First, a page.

Play Live Radio
Next Up:
Available On Air Stations
Make a gift today and you could win a trip to Portugal!
A food blog from NHPR news, digital, & programming staff, exploring food & food culture around the state & the New England region. On-air features air Thursdays on All Things Considered and Saturdays during Weekend Edition.

Foodstuffs: A Coffee Roasted For Your Health

Peter Biello
Glen Miller of Vera Coffee Roasting at his facility in Newington, N.H.

In some countries in Europe, red wine is part of daily life. Not so in the US. And as a result, Americans may be missing out on the health benefit of a particular antioxidant found in the skins of grapes. Now a chemist at UNH is trying to get more of this antixodiant, resveratrol, into the American diet through coffee.
Glen Miller is chair of the chemistry department at the University of New Hampshire, and a few years ago, he first got the idea of putting resveratrol into spring water. But when he did, he saw a huge problem. 

"It made it look a little like pond water, to be honest," he said.

This yellowish-brown stuff was not going to fly off the shelves. So, he wondered, what else do Americans drink with amazing regularity? Coffee.

"The average coffee-drinker consumes three cups a day. Actually, a little more than three cups a day."

So he developed a method of concentrating resveratrol and infusing it into coffee bean so all the nutritional benefits remain. Then he launched as a side business Vera Roasting Company.

At Vera Roasting's headquarters in Newington, Miller dumps a bin of beans into the rotating infuser and turns it on.

He remembers the moment Vera Roasting seemed to really take off. A story about it appeared in the AP and newspapers all over the country ran it. At that time, his phone was set to buzz every time he received an order for his coffee.

"And all of a sudden, as I'm talking to this group of 200 organic chemistry students, my phone is just going crazy in my pocket and I have to take it out so my leg doesn't burn up. And I'm thinking: what is going on here?"

He says within days he had customers in all 50 states. He says people were hungry for a way to get the benefits of red wine without drinking as much wine as people do in France.

"People want a good-tasting coffee, they want a delicious coffee. And if you deliver a delicious coffee that also has a health benefit associated with it, that's just icing on the cake."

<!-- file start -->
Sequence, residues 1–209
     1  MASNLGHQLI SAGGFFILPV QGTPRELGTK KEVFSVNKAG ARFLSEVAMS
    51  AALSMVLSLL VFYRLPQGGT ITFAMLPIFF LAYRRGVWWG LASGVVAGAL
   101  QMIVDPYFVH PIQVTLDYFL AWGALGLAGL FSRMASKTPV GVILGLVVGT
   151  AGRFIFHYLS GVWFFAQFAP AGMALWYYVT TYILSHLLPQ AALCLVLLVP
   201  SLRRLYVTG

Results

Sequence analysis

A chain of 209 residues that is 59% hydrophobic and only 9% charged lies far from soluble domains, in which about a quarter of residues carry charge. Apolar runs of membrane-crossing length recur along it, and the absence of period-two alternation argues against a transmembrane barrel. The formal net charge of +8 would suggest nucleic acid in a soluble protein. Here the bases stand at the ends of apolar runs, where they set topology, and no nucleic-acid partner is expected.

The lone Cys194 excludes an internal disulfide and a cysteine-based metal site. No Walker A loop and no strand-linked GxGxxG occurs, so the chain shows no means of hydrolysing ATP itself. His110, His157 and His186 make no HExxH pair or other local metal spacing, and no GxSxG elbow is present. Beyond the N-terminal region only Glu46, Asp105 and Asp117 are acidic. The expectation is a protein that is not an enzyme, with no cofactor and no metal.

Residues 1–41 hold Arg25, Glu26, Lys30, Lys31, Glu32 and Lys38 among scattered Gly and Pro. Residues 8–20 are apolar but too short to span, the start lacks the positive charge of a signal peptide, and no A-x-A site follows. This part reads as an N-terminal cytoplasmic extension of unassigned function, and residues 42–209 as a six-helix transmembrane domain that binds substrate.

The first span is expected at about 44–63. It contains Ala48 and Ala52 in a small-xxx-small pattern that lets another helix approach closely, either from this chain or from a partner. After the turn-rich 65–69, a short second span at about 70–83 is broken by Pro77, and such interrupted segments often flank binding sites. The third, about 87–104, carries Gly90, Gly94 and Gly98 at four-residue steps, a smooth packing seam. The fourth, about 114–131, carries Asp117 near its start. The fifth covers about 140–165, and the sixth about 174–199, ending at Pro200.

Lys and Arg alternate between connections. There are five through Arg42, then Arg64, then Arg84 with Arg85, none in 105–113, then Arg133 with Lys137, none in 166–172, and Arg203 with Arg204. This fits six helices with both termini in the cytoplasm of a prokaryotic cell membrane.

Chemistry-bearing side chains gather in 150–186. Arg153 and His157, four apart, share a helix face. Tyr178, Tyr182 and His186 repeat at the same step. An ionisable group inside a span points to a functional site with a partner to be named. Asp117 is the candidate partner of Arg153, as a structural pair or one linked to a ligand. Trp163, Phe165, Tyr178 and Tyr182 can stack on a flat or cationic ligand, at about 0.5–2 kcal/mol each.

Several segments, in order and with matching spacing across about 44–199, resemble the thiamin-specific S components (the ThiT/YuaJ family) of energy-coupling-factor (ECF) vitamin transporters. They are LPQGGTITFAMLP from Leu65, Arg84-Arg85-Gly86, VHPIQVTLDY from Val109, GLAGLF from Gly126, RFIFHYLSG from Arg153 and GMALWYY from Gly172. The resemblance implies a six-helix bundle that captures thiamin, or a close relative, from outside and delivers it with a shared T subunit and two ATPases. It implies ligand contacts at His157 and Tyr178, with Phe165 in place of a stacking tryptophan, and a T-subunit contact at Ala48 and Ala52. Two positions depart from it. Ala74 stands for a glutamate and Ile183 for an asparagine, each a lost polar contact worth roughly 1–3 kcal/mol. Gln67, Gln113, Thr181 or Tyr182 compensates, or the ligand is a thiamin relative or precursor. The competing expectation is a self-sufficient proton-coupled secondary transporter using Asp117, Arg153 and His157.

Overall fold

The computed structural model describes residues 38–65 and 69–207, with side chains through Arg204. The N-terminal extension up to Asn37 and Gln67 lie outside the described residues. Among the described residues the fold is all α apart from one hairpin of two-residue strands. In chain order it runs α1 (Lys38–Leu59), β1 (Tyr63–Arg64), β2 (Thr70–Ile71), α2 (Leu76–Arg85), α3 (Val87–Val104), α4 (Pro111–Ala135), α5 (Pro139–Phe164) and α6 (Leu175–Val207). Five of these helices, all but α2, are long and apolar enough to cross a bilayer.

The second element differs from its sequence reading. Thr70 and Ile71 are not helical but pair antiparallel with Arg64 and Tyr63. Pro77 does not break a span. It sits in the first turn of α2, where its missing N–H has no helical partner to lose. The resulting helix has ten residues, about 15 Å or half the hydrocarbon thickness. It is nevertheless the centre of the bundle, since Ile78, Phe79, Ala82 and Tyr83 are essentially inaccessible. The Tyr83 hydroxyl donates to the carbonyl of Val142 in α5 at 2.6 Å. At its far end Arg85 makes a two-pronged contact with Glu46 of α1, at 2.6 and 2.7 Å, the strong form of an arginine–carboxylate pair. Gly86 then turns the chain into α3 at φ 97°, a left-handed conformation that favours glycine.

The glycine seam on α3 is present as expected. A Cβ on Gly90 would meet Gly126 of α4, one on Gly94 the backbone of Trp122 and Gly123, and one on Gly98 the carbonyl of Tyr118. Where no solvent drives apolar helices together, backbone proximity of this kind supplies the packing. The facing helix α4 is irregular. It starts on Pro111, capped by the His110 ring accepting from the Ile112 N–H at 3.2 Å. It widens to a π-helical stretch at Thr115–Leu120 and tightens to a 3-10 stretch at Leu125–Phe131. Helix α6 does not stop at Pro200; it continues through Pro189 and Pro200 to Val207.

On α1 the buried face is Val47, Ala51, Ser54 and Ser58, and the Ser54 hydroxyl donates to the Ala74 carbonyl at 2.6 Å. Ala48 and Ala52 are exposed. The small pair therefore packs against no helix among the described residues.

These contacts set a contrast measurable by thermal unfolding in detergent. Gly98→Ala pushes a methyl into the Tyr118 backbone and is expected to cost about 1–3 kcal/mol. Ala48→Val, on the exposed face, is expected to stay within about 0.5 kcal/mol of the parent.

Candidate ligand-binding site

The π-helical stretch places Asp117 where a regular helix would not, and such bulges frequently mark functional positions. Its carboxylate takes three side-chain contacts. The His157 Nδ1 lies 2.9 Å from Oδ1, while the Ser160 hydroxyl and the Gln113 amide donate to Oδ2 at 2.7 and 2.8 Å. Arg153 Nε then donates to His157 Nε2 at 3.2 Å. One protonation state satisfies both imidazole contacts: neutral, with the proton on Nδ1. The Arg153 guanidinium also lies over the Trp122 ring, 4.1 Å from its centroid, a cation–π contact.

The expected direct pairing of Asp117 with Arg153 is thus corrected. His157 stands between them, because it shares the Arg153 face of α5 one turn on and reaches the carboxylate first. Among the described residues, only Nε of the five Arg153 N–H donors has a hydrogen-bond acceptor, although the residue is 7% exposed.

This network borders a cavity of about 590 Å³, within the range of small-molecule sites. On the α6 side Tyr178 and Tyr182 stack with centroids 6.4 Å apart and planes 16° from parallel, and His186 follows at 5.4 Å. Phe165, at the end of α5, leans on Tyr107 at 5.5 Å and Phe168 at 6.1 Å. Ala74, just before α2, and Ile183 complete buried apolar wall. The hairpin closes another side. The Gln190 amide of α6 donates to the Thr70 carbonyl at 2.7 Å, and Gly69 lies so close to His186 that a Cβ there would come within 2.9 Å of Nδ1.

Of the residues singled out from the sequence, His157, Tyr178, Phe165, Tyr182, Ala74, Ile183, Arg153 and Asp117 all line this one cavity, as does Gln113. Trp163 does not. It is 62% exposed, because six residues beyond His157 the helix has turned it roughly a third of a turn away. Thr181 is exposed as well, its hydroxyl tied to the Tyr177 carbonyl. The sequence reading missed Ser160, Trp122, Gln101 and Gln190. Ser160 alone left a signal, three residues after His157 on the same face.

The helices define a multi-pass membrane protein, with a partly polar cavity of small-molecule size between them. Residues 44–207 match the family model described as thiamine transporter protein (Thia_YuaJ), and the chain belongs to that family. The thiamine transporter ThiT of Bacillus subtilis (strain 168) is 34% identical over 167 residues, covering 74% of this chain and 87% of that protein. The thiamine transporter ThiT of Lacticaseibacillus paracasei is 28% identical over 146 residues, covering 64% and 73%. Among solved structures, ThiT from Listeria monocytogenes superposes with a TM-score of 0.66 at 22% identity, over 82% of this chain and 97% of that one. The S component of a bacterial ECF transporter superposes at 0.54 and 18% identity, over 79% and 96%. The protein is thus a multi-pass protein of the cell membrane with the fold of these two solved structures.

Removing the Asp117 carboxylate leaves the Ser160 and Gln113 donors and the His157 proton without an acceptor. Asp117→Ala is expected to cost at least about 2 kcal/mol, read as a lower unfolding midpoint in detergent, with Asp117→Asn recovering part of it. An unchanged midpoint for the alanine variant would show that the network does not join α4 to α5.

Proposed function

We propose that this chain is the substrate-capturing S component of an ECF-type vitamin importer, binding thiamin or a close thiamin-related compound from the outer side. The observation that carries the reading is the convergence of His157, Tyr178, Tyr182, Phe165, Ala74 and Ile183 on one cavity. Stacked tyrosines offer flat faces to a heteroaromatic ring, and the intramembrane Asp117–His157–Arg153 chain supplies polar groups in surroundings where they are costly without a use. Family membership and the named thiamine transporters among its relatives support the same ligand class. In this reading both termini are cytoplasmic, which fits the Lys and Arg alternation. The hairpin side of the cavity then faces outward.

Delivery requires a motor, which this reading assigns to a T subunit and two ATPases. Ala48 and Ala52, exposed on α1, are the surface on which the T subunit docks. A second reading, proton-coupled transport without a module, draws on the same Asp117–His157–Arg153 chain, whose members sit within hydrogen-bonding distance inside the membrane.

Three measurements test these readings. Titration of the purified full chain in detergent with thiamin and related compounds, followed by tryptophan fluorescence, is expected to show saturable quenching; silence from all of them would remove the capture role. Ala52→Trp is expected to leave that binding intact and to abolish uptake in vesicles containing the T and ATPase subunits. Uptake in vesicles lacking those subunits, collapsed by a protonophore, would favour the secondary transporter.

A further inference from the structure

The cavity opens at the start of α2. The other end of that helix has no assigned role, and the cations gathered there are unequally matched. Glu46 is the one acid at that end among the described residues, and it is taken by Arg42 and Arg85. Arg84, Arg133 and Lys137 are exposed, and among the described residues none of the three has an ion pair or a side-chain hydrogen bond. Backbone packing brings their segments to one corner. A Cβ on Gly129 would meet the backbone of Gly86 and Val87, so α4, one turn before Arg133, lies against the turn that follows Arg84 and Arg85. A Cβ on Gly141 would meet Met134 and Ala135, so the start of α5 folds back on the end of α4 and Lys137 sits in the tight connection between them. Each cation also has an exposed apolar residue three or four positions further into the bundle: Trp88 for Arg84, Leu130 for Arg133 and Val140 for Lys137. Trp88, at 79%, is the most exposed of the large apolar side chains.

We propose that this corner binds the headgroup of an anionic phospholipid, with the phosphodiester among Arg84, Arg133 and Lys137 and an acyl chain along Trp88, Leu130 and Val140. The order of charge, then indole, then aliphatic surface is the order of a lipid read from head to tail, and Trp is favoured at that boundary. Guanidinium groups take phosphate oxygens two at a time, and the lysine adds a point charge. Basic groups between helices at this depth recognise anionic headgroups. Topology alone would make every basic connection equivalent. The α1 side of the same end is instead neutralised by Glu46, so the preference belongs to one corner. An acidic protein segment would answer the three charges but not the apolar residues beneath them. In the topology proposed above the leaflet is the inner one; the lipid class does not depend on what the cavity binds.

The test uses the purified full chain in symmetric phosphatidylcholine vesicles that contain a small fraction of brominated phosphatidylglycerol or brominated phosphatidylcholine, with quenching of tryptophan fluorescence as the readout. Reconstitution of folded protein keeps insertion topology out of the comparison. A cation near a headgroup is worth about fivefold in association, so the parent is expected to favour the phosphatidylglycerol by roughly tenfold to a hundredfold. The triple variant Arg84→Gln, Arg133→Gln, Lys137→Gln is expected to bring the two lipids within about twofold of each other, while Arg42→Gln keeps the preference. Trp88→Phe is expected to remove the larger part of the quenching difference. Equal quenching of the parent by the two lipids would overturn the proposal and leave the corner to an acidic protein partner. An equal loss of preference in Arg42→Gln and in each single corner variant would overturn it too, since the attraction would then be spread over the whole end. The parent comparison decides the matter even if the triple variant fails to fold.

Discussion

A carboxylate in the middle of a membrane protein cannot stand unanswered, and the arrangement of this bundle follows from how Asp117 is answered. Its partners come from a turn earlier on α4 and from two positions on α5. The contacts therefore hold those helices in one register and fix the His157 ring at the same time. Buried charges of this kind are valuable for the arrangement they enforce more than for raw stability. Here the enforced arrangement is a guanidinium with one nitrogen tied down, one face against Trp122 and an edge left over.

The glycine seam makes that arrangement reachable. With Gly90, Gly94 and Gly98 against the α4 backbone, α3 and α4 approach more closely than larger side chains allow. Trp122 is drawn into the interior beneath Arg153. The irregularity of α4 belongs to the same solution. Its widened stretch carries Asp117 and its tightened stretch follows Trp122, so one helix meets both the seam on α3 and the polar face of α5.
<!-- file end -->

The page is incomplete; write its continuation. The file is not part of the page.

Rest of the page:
Proponents of the health benefits of resveratrol point out that it's an antioxidant, which have been proven to prevent damage to cells. There's also anecdotal evidence in the so-called "French Paradox." People in France drink a lot of red wine and and have relatively low rates of heart disease. But is that evidence of resveratrol's potency? Skeptics are careful to point out that research linking resveratrol to specific benefits in humans is scant.

Still, Miller says putting potentially helpful things into coffee is a good way to get Americans to consume them. Which is why he's also doing it for Vitamin D, in Vera Roasting's Sunshine Blend.

"There is a tremendous Vitamin D deficiency in this country. Forty percent, it's estimated, of US adults have a Vitamin D deficiency. And probably most of them don't know it."

Without the sun to generate Vitamin D, the winter blues can seem even worse. Miller says this coffee can help with that.

So yes, a few different health benefits. But how does this stuff taste?

I tried some of the Columbian roast. No chemical taste. Maybe a little smoother than most coffees I've tried.

"We use very nice premium, high-quality beans to make it. And it tastes like premium, high-quality coffee."

At $14.95 for a 12 or 14 ounce bag, it's in the middle of the range for premium coffee. Vera Roasting is a direct-to-consumer company, so you won't find it in grocery stores. Not yet, anyway.

Miller says he plans to do some "demand creation," as he calls it, to let people know about how healthy his coffee could be.

Peter Biello is the host of All Things Considered and Writers on a New England Stage at New Hampshire Public Radio. He has served as a producer/announcer/host of Weekend Edition Saturday at Vermont Public Radio and as a reporter/host of Morning Edition at WHQR in Wilmington, North Carolina.

You make NHPR possible.

NHPR is nonprofit and independent. We rely on readers like you to support the local, national, and international coverage on this website. Your support makes this news available to everyone.

Give today. A monthly donation of $5 makes a real difference.